Residents line up to vote at the Southern Regional Technology and Recreation Complex in Fort Washington, Maryland, on June 2, the day of the state's primary election. (Anthony Tilghman/The Washington Informer)
**FILE** Residents line up to vote at the Southern Regional Technology and Recreation Complex in Fort Washington, Maryland, on June 2, the day of the state's primary election. (Anthony Tilghman/The Washington Informer)

With the Nov. 3 presidential election just a few months away, and as President Trump and his operatives are busy condemning mail-in voting and other vital services as fraudulent, young African Americans are focused on mobilizing voters across the country.

From the Black Phoenix Organizing Collective in Arizona to the Soul 2 Soul Sisters in Colorado and Detroit Action in Michigan to the Family Action Network Movement in Florida, young people of color have formed the political equivalent of an “invisible empire” when it comes to urging voters to hit the polls.

“We will rise to the occasion despite a tsunami of issues,” said Melanie Campbell, National Coalition of Black Civic Participation president. “There is a high level of issues in this election, but the challenges remain. [The coronavirus] hasn’t gone anywhere in states with large Black populations, the attack against the U.S. Postal Service, but folks are still going to come out.”

Campbell said on Monday that more than 100 organizations took part in a ZOOM conference titled “Are You Ready2Vote?” to disseminate information that ensures the Black community votes on Nov. 3.

“People need to vote as early as possible. We are going to push mail-in ballots,” Campbell said. “In August, people need to ask their friends, ‘are you ready to vote?’”

In addition to traditional civil rights organizations such as the NAACP, Urban League, and the Leadership Conference of Civil Rights Under Law, there are independent groups that have organized to get votes done via tier efforts.

For example, there are 13 Tier 1 Battle Ground states that include; Alabama, Georgia, Florida, Colorado, North Carolina, Kansas, Minnesota, Nebraska, New Hampshire, Texas, Iowa, Maine, Montana and Nevada.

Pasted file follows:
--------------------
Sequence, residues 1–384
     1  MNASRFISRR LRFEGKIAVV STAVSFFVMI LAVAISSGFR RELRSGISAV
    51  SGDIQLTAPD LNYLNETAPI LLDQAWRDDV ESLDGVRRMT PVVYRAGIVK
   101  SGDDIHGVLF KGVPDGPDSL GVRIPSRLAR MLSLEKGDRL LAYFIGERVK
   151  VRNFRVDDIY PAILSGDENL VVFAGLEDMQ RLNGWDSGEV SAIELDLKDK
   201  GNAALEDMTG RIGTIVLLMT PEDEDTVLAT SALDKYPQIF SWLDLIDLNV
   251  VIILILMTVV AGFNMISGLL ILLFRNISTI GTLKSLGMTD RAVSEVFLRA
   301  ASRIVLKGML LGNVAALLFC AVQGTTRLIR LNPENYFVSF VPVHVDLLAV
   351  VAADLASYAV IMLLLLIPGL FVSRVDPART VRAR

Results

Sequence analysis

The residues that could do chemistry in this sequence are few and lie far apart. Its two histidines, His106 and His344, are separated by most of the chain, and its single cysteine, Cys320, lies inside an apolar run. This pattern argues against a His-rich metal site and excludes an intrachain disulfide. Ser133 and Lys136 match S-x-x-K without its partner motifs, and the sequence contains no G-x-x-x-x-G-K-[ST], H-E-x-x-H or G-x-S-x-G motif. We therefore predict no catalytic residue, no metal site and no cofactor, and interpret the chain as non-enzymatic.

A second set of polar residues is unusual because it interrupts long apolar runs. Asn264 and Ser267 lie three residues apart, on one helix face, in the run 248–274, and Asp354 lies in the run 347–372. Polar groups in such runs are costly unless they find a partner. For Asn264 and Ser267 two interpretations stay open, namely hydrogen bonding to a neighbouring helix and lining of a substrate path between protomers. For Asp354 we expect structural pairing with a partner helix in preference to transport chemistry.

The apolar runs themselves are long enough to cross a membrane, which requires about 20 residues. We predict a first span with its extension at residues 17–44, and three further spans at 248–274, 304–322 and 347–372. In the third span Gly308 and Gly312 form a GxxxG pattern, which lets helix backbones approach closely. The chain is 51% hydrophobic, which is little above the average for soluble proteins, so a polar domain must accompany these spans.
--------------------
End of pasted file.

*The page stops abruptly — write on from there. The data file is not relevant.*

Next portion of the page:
Another national organization, Black Voters Matter, not only focuses on voting but other Black-related issues as well.

“I do see energy of young people. You can see it through the protest movement, one of the blessings of the coronavirus and there is a shift in how we do things,” said Rev. Tony Lee, pastor of Community of Hope AME Church in Temple Hills. “I believe that this is a great opportunity because young people spend so much of their time online.

“Several organizations have really used smart online campaigns as opposed to going door to door,” Lee said “I am part of the Black Church PAC and we are about to do our own virtual bus tour. Most organizations that do traditional get out to vote efforts have been forced to look at things through a different lens. This challenge has become a blessing.”

Rev. L.K. Floyd, pastor of Heart Changers Baptist Church in Silver Spring and president of the Coalition of Churches and Community, also weighed in, saying that, “we are sharing with pastors of congregations to share with their members the importance of voting and we are pushing voter awareness among members of our community leaders. In September, we will start our online push for the voter registration. We are calling it ‘Marching to the Polls.’”

Hamil R. Harris

Hamil Harris is an award-winning journalist who worked at the Washington Post from 1992 to 2016. During his tenure he wrote hundreds of stories about the people, government and faith communities in the...

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